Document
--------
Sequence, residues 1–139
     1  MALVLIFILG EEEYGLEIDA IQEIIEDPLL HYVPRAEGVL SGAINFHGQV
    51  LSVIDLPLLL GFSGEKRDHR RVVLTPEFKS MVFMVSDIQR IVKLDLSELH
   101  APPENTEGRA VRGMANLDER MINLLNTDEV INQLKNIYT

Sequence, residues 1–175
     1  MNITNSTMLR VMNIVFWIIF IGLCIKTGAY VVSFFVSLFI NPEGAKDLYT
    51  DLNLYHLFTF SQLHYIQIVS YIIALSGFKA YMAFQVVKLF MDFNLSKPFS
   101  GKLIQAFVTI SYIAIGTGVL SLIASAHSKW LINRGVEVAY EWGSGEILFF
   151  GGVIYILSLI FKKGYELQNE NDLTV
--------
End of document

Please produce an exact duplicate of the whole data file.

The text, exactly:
Sequence, residues 1–139
     1  MALVLIFILG EEEYGLEIDA IQEIIEDPLL HYVPRAEGVL SGAINFHGQV
    51  LSVIDLPLLL GFSGEKRDHR RVVLTPEFKS MVFMVSDIQR IVKLDLSELH
   101  APPENTEGRA VRGMANLDER MINLLNTDEV INQLKNIYT

Sequence, residues 1–175
     1  MNITNSTMLR VMNIVFWIIF IGLCIKTGAY VVSFFVSLFI NPEGAKDLYT
    51  DLNLYHLFTF SQLHYIQIVS YIIALSGFKA YMAFQVVKLF MDFNLSKPFS
   101  GKLIQAFVTI SYIAIGTGVL SLIASAHSKW LINRGVEVAY EWGSGEILFF
   151  GGVIYILSLI FKKGYELQNE NDLTV